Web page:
Political Spring Training Starts Today in Colorado
The Senate race in Colorado will enter a new and competitive phase today, when first-round precinct caucuses across the state unofficially kick off the campaign and serve as an early barometer of the candidates’ organizational strength and their support among base voters.
While Colorado’s caucus process — a multilayered procedure that will culminate at the state conventions on May 22 — isn’t necessarily predictive of success in the August primary election, it will give political activists their first real opportunity to weigh in on the competitive primaries for the seat Sen. Michael Bennet (D) is defending after his appointment 14 months ago. The leading vote-getters at the conventions earn top billing on the primary ballot.
“It is kind of the unofficial official start of the campaign season, if you will,” said Nate Strauch, a spokesman for former Lt. Gov. Jane Norton, the leading Republican in the race.
One candidate who needs a strong showing is former state Speaker Andrew Romanoff (D), who is challenging Bennet in the August primary. Romanoff wanted the Senate appointment that Gov. Bill Ritter (D) instead awarded to Bennet after Sen. Ken Salazar (D) resigned to join the Obama administration as Interior secretary.
Political analysts said Romanoff, who badly trails Bennet in fundraising, needs to perform very well at the caucuses to gain traction for the difficult undertaking of unseating a Senator in a primary.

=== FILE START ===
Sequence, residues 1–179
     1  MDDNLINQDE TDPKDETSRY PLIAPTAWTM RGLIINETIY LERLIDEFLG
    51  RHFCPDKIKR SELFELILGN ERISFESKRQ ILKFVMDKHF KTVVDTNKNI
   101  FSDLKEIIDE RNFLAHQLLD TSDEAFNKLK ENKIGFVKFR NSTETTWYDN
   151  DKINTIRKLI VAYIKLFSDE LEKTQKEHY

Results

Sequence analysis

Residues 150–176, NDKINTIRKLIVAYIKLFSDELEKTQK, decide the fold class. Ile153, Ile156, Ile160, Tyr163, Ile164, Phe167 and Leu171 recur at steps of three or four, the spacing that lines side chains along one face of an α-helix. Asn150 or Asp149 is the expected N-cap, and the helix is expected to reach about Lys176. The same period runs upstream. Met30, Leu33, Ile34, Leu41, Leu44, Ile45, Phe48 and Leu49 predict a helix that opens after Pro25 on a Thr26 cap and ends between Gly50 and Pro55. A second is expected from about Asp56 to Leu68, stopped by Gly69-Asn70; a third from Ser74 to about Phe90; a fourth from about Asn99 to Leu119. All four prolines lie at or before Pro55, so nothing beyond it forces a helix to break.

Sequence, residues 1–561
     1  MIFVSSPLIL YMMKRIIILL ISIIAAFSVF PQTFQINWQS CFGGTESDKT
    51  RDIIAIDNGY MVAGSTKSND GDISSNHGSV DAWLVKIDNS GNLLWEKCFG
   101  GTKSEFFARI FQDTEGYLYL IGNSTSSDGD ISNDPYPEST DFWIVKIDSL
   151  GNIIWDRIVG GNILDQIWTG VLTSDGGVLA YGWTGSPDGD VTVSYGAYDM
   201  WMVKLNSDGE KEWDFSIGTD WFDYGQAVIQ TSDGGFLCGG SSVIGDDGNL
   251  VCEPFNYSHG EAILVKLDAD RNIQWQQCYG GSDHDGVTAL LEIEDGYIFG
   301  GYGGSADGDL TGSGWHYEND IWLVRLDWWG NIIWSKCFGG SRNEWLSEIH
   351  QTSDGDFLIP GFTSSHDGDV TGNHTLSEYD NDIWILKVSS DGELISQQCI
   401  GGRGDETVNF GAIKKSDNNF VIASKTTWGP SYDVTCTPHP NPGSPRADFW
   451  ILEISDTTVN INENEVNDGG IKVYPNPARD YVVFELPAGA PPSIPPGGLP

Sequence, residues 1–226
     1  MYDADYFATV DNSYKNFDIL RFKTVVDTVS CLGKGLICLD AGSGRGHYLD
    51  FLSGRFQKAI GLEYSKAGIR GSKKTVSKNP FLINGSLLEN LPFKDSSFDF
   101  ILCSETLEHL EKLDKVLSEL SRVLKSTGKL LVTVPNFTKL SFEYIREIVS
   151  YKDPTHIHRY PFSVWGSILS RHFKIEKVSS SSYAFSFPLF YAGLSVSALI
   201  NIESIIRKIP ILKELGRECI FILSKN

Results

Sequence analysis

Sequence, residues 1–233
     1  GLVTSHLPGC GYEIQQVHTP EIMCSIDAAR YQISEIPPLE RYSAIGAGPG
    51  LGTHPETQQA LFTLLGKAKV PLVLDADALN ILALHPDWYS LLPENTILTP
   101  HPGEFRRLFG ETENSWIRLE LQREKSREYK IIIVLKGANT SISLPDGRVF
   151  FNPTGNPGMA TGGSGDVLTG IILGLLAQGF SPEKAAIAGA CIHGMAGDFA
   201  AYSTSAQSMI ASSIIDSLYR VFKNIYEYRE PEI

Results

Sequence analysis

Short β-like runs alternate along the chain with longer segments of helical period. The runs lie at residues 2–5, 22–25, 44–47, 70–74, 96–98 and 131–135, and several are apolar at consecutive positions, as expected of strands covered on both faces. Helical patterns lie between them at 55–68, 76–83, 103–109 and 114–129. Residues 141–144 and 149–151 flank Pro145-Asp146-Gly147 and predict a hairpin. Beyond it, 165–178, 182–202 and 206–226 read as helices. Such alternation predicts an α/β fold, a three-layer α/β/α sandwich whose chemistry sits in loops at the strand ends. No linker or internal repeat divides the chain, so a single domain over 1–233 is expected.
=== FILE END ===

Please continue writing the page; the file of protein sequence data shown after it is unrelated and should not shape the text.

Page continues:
“My current assumption is that Romanoff needs to win … to credibly make the argument that I’m the grass-roots guy,” independent Colorado pollster Floyd Ciruli said.
Eric Sondermann, an independent political analyst in Denver, described the caucuses as “a home game for Andrew Romanoff” because he’s concentrating on securing the support of the sliver of Democrats who will participate. He expects Romanoff to do well.
“If he does not fare well [today] in the caucuses, it’s hard to understand what the ongoing rationale for his candidacy is,” Sondermann said.
Katy Atkinson, a Denver-based political consultant, said the caucuses are far less important for Bennet than for Romanoff because “Bennet has the money to be able to run a primary campaign, and Romanoff needs the momentum that a convention win would give him to help him raise more money.”
Bennet’s campaign is targeting the caucuses to build the full-fledged statewide political organization he lacked after coming to the Senate as an unelected Member with no experience in elective office.
“The caucuses have been great for him to go around and do retail politics, meeting voters in smaller settings, listening to their concerns and building up a grass-roots organizations, which is what we’ve used the caucuses to do,” said Craig Hughes, Bennet’s campaign manager.
The Senator has been burnishing his public image in recent months. He’s been a vigorous supporter of a public health insurance option and recently unveiled an ethics proposal that includes banning Members of Congress from becoming lobbyists and changing rules governing earmarks and Senate filibusters.